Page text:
City set to intensify aggressive revenue-collection campaign

At least 70 households were disconnected on the first day of Tshwane Ya Tima on Wednesday. Picture: Supplied

At least 70 households were disconnected on the first day of Tshwane Ya Tima on Wednesday. Picture: Supplied

Published Feb 9, 2024


Defaulting customers in the City of Tshwane must brace themselves to have their electricity and water services disconnected as the metro this week relaunched the aggressive revenue-collection campaign known as Tshwane Ya Tima.

The campaign is targeting customers whose accounts are in arrears, and at least 70 households were disconnected on the first day of the campaign led by MMC for Finance Jacqui Uys.

Uys said the revenue-collection campaign sought to disconnect services to defaulting clients who run up high service bills and fail to pay the City.

She said the campaign was back in full swing and would target all non-paying customers, including businesses, individual households and residential estates.

This week the City’s group financial services issued 188 disconnection job cards, mostly for residential households, worth about R50 million, due to money owed to the municipality.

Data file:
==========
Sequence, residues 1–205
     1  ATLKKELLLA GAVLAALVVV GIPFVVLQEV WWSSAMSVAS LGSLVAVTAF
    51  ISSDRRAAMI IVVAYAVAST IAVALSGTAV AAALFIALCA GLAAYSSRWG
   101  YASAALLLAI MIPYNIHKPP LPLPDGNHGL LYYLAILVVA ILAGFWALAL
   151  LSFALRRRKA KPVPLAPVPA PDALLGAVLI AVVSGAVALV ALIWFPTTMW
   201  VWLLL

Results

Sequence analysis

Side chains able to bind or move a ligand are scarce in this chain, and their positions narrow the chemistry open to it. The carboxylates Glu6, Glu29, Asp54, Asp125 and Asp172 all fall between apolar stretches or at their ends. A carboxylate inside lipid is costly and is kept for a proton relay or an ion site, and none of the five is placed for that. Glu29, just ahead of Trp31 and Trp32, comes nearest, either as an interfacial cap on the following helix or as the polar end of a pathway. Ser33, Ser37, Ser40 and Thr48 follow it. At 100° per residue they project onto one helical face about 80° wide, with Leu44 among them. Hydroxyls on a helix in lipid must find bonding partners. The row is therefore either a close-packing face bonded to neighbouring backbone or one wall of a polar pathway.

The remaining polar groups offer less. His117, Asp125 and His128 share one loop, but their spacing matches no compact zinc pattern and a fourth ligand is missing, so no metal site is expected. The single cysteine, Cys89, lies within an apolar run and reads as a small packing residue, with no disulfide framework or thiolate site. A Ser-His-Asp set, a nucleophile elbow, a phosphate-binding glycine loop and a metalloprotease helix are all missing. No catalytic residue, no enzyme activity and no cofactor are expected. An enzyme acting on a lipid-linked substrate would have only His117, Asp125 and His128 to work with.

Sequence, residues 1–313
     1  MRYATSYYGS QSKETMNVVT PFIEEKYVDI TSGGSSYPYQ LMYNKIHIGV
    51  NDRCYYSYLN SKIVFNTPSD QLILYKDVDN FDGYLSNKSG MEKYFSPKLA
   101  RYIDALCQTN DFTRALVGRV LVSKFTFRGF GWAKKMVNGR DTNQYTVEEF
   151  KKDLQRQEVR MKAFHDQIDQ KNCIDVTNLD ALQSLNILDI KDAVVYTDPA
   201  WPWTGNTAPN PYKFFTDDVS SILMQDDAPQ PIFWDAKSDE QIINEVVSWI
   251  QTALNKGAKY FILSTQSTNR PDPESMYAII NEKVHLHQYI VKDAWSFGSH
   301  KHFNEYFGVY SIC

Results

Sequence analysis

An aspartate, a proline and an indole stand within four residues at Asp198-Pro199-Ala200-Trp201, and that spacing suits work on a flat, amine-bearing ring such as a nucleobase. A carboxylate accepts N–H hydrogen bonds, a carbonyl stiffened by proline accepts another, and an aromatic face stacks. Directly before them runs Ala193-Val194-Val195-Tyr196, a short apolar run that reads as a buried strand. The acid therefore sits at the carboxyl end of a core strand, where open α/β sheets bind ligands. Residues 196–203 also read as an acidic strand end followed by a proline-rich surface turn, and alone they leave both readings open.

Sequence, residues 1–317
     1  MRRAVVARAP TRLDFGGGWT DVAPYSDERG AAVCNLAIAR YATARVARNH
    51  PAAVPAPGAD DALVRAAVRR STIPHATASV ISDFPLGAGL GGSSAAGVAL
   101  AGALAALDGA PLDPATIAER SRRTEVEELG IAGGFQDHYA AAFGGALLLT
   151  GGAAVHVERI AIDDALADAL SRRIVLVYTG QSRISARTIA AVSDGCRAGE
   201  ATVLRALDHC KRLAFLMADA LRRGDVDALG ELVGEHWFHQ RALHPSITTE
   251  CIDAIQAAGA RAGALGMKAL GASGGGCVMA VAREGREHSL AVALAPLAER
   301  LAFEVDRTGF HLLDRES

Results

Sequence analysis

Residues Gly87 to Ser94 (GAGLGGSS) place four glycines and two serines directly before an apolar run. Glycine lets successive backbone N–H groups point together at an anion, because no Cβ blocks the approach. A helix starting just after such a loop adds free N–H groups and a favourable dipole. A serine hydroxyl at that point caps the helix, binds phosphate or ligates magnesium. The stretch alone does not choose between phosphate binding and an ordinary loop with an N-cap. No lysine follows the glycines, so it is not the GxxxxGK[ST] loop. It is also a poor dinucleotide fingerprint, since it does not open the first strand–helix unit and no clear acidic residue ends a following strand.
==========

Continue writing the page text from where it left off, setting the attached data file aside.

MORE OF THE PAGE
Uys said: “From this list, 70 accounts were immediately and successfully disconnected in various areas. Along with the disconnections, the City also imposes steep fines for meter tampering and illegal connections.”

According to her, it was worth noting that this was just the beginning of the campaign.

“We are also targeting about 1 500 high-end defaulting consumers who owe the City billions of rand,” she said.

She appealed to residential estate managers to allow City meter readers to do their jobs and not block access.

“It is important that we work together but, if necessary, we will use law enforcement. As the MMC for Finance, I want to emphasise that the City needs revenue to deliver services and to honour commitments to creditors, such as Eskom and Rand Water,” she said.

She further thanked residents who pay for their accounts on time and in full.

In the same breath, Uys said that all defaulting customers ought to come forward and make payment arrangements to keep their accounts in good standing.

“We are firm in our stance that the financial rescue of the City is non-negotiable, therefore, every effort must be made to restore the City to a financially healthy position as quickly as possible,” she said.

Last month, the city said it had enforced credit control measures in a bid to recoup the more than R22 billion it is owed, saying that all residents and customers must pay for the municipal services they consume.

That was in reaction to calls made by the Lotus Gardens, Atteridgeville and Saulsville Civic Association (Lasca) calling on people to defy the payment of rates and services in solidarity with defaulting customers whose prepaid cards were blocked in December.

The City also accused Lasca of having actively prevented and harassed city officials from reading meters in areas where they purport to be representing residents.

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